New Book Says Robin Williams May Have Suffered From Dementia

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A heartbreaking potential discovery about the late comedian and actor Robin Williams might have just been revealed to the public. In 2014, when Williams tragically passed away in what was later deemed a suicide, the details surrounding his death and why he decided to take his own life were left vague and unknown. In the mourning proceeding years, however, more details have seemingly come to light. For instance, in his upcoming biography Robin, author and New York Times reporter Dave Itzkoff reportedly claims the Academy Award-winning actor might've suffered from dementia, which may have troubled Robin in his later years.

In the anticipated new book, due to be released on May 15th, Dave Itzkoff writes that Robin Williams allegedly struggled from a brain disorder that wasn't instantly diagnosed, which was ultimately thought to be dementia. As reported by Deadline, it is believed that this brain order reportedly caused Williams to lose some of his characteristic energy, along with other symptoms considered "bizarre," and that it might've been what drove the beloved comedy personality to take his life via asphyxiation. Although Robin Williams was initially diagnosed with Parkinson's Disease, these symptoms that plagued him in his final year were not typically characterized with that disorder. It wasn't until Robin Williams reportedly met with a neuropathologist that the actor discovered his final diagnosis: diffuse Lewy body dementia.

Considered the second-most common type of dementia after Alzheimer's, Robin Williams reportedly had drastic and devastating changes to his health and mental well-being. During the production of Night at the Museum: Secret of the Tomb, for instance, which became the actor's final live-action performance, Williams was known to vehemently weep into the arms of make-up artist Cheri Minns, who is quoted in the book. He would also forget his lines often and walk in an unusual manner. When Minns suggested that the legendary stand-up comedian return to the stage to cure his blues, she said he couldn't do it.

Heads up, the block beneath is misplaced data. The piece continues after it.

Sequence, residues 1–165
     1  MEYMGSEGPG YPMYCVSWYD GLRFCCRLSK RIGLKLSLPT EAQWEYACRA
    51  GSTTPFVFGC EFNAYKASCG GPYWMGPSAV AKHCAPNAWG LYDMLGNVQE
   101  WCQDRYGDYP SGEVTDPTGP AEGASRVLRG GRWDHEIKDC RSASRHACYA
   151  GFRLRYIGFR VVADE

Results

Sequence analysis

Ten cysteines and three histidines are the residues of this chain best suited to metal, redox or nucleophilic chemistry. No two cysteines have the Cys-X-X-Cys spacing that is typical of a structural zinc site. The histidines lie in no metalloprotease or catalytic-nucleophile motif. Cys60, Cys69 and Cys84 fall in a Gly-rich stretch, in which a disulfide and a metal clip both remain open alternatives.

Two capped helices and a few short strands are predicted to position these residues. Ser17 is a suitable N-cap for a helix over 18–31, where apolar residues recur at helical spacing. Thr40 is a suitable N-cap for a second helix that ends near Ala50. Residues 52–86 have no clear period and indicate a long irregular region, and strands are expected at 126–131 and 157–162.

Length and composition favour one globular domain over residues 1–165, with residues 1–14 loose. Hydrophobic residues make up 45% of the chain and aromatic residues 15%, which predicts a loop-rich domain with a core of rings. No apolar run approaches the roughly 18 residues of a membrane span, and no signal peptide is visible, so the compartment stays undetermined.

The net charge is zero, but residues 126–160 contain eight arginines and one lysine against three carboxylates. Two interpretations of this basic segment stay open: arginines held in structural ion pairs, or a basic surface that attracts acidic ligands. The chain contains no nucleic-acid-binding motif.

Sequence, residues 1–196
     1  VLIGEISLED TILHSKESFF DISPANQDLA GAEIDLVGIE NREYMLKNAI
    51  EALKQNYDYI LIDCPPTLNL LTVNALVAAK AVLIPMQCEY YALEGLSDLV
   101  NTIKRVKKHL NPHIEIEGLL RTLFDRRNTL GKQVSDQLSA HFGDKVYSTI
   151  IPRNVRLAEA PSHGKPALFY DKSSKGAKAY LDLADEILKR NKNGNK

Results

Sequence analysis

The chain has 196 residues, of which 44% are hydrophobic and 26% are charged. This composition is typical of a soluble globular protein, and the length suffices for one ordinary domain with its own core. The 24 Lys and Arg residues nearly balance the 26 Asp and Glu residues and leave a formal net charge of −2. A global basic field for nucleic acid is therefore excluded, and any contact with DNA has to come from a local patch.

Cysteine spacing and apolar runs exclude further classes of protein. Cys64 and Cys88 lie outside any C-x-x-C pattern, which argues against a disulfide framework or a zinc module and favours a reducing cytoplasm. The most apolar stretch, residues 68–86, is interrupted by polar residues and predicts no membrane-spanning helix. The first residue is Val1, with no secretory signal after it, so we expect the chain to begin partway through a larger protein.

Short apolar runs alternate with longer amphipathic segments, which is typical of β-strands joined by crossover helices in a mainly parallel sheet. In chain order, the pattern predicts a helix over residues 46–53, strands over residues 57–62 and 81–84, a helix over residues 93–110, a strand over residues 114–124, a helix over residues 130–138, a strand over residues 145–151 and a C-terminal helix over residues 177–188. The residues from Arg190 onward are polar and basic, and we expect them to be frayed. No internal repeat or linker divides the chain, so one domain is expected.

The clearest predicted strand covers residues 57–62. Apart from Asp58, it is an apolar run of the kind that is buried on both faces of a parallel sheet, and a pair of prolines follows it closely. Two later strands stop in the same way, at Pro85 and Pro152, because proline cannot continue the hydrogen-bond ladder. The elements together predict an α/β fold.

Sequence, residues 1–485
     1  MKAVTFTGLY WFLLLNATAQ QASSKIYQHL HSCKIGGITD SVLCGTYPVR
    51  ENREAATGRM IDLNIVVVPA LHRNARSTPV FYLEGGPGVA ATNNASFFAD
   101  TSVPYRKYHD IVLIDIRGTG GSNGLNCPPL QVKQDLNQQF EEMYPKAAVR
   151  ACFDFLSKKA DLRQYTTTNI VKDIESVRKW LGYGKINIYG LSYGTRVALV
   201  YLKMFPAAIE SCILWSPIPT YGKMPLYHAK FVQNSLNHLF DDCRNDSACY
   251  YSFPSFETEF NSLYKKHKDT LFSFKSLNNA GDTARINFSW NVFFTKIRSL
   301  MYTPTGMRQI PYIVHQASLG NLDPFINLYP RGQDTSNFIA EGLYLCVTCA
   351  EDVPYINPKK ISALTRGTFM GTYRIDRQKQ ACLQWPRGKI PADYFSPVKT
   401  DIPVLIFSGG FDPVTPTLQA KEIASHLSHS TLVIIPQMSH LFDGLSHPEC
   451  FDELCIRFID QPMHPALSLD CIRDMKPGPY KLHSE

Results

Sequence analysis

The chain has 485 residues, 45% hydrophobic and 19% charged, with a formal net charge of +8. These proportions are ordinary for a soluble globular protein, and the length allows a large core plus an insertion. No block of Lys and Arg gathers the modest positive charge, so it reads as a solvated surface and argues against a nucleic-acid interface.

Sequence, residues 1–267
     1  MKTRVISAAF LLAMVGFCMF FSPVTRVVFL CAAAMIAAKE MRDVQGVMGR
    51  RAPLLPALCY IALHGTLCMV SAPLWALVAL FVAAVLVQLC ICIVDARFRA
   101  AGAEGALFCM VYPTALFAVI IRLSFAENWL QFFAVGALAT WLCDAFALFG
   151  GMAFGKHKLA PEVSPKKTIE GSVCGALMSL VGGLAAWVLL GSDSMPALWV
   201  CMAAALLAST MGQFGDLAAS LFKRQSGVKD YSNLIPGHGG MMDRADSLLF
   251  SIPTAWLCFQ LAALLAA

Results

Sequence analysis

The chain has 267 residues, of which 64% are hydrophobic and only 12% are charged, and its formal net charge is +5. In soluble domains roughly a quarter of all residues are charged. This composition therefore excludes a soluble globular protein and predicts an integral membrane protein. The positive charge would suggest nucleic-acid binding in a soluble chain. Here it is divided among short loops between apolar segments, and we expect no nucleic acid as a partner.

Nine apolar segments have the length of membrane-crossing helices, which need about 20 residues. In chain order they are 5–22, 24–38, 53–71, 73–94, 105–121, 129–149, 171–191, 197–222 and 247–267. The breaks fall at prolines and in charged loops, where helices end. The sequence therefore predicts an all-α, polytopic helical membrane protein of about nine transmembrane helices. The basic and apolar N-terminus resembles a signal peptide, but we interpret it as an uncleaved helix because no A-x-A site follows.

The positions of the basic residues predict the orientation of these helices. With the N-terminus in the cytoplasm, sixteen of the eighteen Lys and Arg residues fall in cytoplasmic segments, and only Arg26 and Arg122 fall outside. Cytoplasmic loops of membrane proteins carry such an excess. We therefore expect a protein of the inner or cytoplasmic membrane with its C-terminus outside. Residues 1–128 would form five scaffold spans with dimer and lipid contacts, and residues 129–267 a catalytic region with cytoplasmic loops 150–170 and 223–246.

He just cried and said, 'I can't, Cheri. I don't know how anymore. I don't know how to be funny.'

This story is deeply saddening for a variety of reasons, but it's especially disheartening when you remember how Robin Williams was someone who could reliably help others during their own dark periods. For instance, Sharon Osbourne recounted last month how Williams came to the Osbourne residence whenever she was diagnosed with cancer, and he was the one who helped her seek cancer treatment. Additionally, Steven Spielberg recounted last week how Robin Williams was the one who helped the filmmaker out of his own funk whenever Spileberg finished production on Schindler's List, as he would give his Hook director some short stand-up sets on the phone which ultimately got the acclaimed moviemaker out of the depressed mental state created by his Oscar-winning masterwork. To know that Robin Williams was there for people whenever they needed to laugh, and to know that there were potentially few people there to help Robin Williams during his own tragic decline, is truly devastating stuff.

There are more details recounted in Dave Itzkoff's praised new biography, including how Robin Williams' Mork & Mindy co-star Pam Dawber noticed stark changes in his personality when she briefly worked on his cancelled CBS comedy The Crazy Ones, including weigh loss and a trembling voice. And while it is believed that Robin Williams tried to persist throughout his diagnosis, it ultimately became a losing battle. Robin Williams is fondly remembered and deeply beloved, especially for all the laughs he brought the world, and that's what makes the comedian's sad final years all the more harrowing to hear.

In addition to this new book, Susan Schneider-Williams, Robin Williams' widow, also recently penned an essay detailing the comedic actor's final years and his crippling battle with dementia.

Will Ashton

Will is an entertainment writer based in Pittsburgh, PA. His writing can also be found in The Playlist, Cut Print Film, We Got This Covered, The Young Folks, Slate and other outlets. He also co-hosts the weekly film/TV podcast Cinemaholics with Jon Negroni and he likes to think he's a professional Garfield enthusiast.